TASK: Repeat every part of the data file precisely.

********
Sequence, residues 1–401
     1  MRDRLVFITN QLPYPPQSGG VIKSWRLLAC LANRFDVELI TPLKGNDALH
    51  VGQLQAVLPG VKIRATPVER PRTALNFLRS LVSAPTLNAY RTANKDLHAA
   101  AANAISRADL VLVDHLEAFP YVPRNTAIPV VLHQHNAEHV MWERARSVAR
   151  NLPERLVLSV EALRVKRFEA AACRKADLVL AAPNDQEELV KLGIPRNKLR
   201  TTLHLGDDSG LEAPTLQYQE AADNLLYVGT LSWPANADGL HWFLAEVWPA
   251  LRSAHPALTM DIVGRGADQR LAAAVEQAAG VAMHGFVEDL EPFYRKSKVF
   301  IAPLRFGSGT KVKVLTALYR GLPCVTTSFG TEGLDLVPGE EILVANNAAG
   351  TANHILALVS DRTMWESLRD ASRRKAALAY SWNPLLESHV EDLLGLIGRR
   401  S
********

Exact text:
Sequence, residues 1–401
     1  MRDRLVFITN QLPYPPQSGG VIKSWRLLAC LANRFDVELI TPLKGNDALH
    51  VGQLQAVLPG VKIRATPVER PRTALNFLRS LVSAPTLNAY RTANKDLHAA
   101  AANAISRADL VLVDHLEAFP YVPRNTAIPV VLHQHNAEHV MWERARSVAR
   151  NLPERLVLSV EALRVKRFEA AACRKADLVL AAPNDQEELV KLGIPRNKLR
   201  TTLHLGDDSG LEAPTLQYQE AADNLLYVGT LSWPANADGL HWFLAEVWPA
   251  LRSAHPALTM DIVGRGADQR LAAAVEQAAG VAMHGFVEDL EPFYRKSKVF
   301  IAPLRFGSGT KVKVLTALYR GLPCVTTSFG TEGLDLVPGE EILVANNAAG
   351  TANHILALVS DRTMWESLRD ASRRKAALAY SWNPLLESHV EDLLGLIGRR
   401  S